Aside from currently serving as Board Chair for The California Endowment, and Vice-Chair for Catholic Healthcare West, Tessie also wears several other hats: President and Chief Executive Officer for the Community Technology Foundation of California (CTFC), Co-founder of the California Pan-Ethnic Health Network, and the National Coalition of Asian Pacific Americans, member of the Board of the Lucile Packard Foundation for Children’s Health, the Nonprofit Finance Fund in New York and Northern California Grantmakers (NCG).
She is tireless in her efforts to promote the empowerment of the Asian Pacific Islander community and an inspiration and role model for aspiring leaders among Filipinas in particular.
Tessie laments that “for so many years those of us who have been advocating for governmental services, everything from small business loans to housing to increased levels of health services, have also been frustrated by the fact that Asian Americans and Pacific Islanders oftentimes do not show up as a constituency.”
Some government agencies misrepresent Asians in America neither as a minority group nor mainstream. Guillermo cites, for example, as far as the Department of Education is concerned, Asians are not a minority and thus not recruited for certain federal programs.
“For whatever reason, either because we are not on the map or because there is some myth about us not needing to participate in federal government programs, we are not designated as underserved or the minority (along with Hispanics, African Americans, American Indians) that can participate in these programs.”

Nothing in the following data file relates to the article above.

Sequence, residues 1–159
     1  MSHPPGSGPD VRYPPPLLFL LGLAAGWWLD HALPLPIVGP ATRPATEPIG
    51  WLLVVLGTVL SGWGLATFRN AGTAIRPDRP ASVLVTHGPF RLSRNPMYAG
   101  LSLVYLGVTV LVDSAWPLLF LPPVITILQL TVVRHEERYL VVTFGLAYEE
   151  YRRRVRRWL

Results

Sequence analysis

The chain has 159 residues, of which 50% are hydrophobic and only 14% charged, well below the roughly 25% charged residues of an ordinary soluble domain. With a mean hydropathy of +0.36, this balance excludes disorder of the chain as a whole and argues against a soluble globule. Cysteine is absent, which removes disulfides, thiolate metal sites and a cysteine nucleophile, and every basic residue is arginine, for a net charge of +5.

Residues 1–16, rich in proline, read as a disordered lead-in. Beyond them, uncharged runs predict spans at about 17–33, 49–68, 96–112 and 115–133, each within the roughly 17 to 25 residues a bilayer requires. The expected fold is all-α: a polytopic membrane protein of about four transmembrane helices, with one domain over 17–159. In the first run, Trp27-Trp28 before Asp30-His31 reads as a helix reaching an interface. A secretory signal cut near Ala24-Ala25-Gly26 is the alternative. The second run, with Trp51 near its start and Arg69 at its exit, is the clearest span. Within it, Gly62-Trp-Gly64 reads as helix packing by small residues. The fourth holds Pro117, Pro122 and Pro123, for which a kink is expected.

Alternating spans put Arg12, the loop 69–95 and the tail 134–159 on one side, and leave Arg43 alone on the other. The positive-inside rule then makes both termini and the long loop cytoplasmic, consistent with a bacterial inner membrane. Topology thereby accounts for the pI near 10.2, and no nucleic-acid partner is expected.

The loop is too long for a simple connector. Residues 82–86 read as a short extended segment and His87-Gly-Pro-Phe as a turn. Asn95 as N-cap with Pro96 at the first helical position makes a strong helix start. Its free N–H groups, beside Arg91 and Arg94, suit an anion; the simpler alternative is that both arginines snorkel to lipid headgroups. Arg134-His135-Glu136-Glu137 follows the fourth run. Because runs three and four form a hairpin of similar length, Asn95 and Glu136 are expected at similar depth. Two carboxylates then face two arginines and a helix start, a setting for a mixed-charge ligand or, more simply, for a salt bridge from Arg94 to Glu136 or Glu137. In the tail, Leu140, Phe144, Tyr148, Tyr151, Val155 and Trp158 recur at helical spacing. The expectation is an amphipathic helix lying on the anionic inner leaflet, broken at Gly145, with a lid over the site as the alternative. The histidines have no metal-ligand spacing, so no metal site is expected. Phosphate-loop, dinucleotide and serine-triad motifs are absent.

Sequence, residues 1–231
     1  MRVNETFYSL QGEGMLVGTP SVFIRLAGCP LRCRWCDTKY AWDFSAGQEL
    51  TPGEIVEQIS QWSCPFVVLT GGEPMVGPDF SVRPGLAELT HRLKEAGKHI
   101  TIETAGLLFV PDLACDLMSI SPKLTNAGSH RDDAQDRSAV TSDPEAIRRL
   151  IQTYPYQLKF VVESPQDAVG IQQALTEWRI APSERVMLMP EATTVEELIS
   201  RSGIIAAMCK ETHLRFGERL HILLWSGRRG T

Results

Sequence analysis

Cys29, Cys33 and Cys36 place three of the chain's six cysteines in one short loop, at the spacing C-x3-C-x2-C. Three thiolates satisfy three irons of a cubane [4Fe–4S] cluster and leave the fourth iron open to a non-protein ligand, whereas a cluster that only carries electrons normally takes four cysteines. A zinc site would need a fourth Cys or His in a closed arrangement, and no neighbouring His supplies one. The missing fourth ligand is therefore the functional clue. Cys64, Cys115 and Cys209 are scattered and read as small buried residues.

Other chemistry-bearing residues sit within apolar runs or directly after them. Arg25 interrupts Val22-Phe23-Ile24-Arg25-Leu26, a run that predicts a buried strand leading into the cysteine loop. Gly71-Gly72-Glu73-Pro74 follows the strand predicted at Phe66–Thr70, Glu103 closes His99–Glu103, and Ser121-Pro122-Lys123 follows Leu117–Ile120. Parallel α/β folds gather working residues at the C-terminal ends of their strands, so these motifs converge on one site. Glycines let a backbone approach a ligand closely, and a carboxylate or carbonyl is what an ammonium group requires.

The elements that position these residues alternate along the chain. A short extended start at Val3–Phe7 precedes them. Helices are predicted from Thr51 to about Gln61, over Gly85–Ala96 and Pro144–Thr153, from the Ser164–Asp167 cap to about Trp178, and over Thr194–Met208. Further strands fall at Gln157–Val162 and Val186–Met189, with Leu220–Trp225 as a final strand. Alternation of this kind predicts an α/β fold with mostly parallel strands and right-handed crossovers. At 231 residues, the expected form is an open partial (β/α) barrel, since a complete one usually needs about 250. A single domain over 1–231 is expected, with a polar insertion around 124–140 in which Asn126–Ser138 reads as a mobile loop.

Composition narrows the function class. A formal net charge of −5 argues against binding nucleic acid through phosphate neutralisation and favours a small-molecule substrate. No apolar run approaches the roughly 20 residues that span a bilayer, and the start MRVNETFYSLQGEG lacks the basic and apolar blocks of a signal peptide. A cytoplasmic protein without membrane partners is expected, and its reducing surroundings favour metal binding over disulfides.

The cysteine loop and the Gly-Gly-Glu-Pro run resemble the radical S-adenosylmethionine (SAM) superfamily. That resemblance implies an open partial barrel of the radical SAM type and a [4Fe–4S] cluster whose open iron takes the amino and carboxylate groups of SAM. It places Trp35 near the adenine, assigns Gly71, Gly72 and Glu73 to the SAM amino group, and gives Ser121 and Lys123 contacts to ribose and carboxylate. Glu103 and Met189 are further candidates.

Tessie is committed to help pave the way to making Asian Americans and Pacific Islanders count in this country. “We have to make people understand that it is to the benefit of the overall US society to do this because we are an integral part of the society. We are here to stay. We have been making contributions for decades and will continue to do that and so it is in the country’s best interest to incorporate us and to make sure that our health is preserved.”
Tessie’s expertise in the health and welfare concerns of Asian Americans and Pacific Islanders has been recognized in California and throughout the United States through numerous appointments. She was appointed to the California Department of Health Services Task Force on Multicultural Health in 1993, and served on the US Secretary of Health and Human Services Blue Ribbon Committee on Violence Prevention in 1992. In 1997, Guillermo was appointed to the federal office of Women’s Health Minority Women’s Panel of Experts. Guillermo is on the boards of several nonprofit organizations and has co-founded several groups, including the Community Technology Policy Council, the Asian and Pacific Islanders’ California Action Network and the Filipino Task Force on AIDS. She currently serves as vice Chair of both the community Technology Foundation of California, and the California Pan Ethnic Health Network, as well as on the advisory board of the Chinese Community Health Care Association.
Among numerous awards, Guillermo has been honored by the Filipino American Women’s Network, the National Institutes of Health Office of Research on Minority Health, and the American Journal of Health Promotion.
Tessie is a recipient of the Filipinas Magazine 2001 Achievement Award for Community Service and an Outstanding APA Leadership Award from Leadership Education for Asian Pacifics. In the spirit of recognizing accomplished women, Filipinos for Affirmative Action (FAA) honored Tessie in 2009 for her outstanding leadership and contributions not only to the Filipino community, but also for communities of color nationally.
Tessie is married to Filipino Reggie Regino who is in the banking industry. They have two daughters, Melanie, and Veronica, and a son Rennie. Although born and raised here, Tessie says she ensures that her children are aware of their culture and takes effort to teach them of their Filipino cultural heritage.